Monday of Holy Week 2011 : Take Time To Smell the Roses

Mass readings for today are here

Gospel John 12 : 1-11

Six days before Passover Jesus came to Bethany,
where Lazarus was, whom Jesus had raised from the dead.

They gave a dinner for him there, and Martha served,
while Lazarus was one of those reclining at table with him. 

Mary took a litre of costly perfumed oil
made from genuine aromatic nard
and anointed the feet of Jesus and dried them with her hair;
the house was filled with the fragrance of the oil. 

Then Judas the Iscariot, one of his disciples,
and the one who would betray him, said,
“Why was this oil not sold for three hundred days’ wages
and given to the poor?”

He said this not because he cared about the poor
but because he was a thief and held the money bag
and used to steal the contributions.

So Jesus said, “Leave her alone.
Let her keep this for the day of my burial.

You always have the poor with you, but you do not always have me.”

The large crowd of the Jews found out that he was there and came,
not only because of him, but also to see Lazarus,
whom he had raised from the dead.

And the chief priests plotted to kill Lazarus too,
because many of the Jews were turning away
and believing in Jesus because of him.

When a person approaches their final moments it is human nature for the people closest to them to place great stock in those final conversations and words said by the person near to death.

Yet often the messiness of death is so absurdly random that what we, the living choose to emphasise and remember can sometimes later be a cause for disagreement.

I have a feeling that this sentence said by Jesus is one of those cases where people's  interpretation differs after the event.

Anointing feet of Jesus by James Tissot
 What we are seeing is an impetuous display of lavish extravagant love from Mary which causes a major upset.

Jesus says : "You always have the poor with you, but you do not always have me.”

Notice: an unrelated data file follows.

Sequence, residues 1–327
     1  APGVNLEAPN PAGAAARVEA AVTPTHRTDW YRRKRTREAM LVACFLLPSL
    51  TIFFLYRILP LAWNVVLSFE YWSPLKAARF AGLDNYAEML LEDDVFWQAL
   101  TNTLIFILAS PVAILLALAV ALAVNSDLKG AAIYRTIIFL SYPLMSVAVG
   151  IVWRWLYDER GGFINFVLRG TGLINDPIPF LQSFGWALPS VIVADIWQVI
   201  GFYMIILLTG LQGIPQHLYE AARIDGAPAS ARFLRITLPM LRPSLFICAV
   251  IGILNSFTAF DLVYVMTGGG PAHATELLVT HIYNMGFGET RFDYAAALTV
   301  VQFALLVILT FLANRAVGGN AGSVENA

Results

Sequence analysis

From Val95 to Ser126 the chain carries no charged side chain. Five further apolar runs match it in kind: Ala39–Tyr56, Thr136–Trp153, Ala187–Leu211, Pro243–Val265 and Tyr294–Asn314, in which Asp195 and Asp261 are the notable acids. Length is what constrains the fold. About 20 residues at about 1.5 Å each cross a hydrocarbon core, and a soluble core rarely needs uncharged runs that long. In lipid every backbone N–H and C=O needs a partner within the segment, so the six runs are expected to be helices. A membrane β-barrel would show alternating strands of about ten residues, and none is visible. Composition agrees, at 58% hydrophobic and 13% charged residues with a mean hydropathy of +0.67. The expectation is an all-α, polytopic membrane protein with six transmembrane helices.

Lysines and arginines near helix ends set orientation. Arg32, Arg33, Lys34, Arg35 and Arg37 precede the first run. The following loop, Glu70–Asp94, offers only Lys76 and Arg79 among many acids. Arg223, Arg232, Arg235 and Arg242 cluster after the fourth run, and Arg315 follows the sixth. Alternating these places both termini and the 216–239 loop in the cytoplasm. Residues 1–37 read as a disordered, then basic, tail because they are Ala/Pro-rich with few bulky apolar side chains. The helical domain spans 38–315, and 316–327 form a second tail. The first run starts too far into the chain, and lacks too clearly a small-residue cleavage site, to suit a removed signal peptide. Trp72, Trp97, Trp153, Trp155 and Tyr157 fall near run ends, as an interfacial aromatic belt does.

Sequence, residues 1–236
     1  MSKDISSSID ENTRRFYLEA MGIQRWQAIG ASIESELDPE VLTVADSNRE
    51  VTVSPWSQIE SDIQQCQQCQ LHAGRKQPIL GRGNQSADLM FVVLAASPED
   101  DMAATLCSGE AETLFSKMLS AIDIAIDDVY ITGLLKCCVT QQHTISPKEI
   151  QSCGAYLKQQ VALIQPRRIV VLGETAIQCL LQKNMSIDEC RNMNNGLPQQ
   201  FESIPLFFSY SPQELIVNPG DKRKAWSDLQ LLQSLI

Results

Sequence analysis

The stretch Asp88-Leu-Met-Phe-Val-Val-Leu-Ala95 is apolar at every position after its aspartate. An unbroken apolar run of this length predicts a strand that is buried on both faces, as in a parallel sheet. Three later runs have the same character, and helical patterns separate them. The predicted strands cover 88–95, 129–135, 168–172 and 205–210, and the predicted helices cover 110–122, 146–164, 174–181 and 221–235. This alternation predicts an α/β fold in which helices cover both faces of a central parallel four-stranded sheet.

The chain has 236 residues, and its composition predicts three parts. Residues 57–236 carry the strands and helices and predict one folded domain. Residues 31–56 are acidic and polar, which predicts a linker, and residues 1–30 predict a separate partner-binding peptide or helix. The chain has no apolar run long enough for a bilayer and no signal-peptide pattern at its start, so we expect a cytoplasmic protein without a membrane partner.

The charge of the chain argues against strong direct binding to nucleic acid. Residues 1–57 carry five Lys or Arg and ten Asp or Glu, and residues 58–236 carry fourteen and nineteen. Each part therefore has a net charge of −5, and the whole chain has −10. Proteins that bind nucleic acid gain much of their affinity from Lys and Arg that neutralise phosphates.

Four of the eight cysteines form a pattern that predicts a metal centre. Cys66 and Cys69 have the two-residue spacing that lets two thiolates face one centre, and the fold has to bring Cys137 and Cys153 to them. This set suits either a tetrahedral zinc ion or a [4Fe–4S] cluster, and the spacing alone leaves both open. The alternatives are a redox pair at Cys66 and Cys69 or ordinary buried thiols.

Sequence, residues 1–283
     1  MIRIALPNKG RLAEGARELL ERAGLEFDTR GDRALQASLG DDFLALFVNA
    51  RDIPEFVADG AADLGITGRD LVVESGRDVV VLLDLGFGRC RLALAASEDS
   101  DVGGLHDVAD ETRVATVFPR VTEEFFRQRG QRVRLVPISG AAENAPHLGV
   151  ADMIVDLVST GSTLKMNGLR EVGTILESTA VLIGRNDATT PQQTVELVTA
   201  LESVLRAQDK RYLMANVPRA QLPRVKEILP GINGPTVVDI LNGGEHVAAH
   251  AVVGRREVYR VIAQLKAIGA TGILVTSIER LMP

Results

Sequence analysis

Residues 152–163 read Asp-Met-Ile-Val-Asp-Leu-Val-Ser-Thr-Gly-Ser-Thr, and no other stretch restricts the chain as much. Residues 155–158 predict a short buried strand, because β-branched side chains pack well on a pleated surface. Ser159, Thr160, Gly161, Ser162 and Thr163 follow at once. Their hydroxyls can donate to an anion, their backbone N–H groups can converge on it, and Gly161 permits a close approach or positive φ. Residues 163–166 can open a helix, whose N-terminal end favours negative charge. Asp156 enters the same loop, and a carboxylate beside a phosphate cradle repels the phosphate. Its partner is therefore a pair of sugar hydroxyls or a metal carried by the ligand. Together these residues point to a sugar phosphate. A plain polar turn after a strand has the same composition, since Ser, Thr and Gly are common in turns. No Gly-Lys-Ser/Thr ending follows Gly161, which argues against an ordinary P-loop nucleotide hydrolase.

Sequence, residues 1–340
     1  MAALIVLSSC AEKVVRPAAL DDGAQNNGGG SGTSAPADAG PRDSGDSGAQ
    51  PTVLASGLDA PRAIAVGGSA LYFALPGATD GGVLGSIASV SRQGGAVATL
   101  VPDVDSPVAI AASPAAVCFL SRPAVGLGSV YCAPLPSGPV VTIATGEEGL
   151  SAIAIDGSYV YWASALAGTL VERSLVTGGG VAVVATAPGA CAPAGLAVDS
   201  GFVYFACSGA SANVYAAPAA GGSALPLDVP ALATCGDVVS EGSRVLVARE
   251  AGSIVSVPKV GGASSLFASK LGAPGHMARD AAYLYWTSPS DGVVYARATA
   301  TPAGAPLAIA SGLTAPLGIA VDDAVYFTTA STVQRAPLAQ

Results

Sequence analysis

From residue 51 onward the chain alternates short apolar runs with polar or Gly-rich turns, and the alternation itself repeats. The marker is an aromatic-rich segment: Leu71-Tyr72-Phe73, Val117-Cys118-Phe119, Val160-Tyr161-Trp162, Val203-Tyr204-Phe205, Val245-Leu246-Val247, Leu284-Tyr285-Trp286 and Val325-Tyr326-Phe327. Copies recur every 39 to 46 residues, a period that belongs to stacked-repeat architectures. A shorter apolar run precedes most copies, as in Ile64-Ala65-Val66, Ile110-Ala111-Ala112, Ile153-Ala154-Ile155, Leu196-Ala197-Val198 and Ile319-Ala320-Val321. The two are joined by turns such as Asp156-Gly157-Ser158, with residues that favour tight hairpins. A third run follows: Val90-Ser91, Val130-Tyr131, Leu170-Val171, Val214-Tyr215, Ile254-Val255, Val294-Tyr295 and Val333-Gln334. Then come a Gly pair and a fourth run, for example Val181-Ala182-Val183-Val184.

Some people today say : "Ah you see the futility of making preferential options for the poor a priority for social justice because Jesus himself said there will always be poverty.

But perhaps Jesus was giving a very human and poignant plea to his disciples to stop their hyperactive sense of righteousness for once !

He knew His time with them was getting near the end. He was spending some of His final hours with His closest friends. 
His own need for human compassion and a gentle loving touch must have been enormous, given the fore- knowledge of the terrifying and brutal ordeal He was to face by the end of the week.

Maybe the mild admonishment from Jesus is something we can relate to today :  the perils of the workaholic , the professional carers who burn out before their due time, who work so hard that they have no time for their own families;

it's a warning to those who outspend their gifts on others but who can't take time to stop and smell the roses every so often....

I love the way J. Gresham Machen  brings this passage to life for us in the modern sense – From "The Claims of Love "

"In these words to the woman at Bethany our Lord sets us free from the oppressive tyranny of the efficiency expert…"

Jesus is telling us here that life is so very precious. We need to step away from the demands of everyday life now and again.

 We all need to make some special time with our loved ones and anoint their feet with special oils a little more often while they are still alive in this world.

Maybe Jesus was telling us that we should not wait until after the death of someone we love before we fill the house with the fragrance of the oil.

Do it NOW !!

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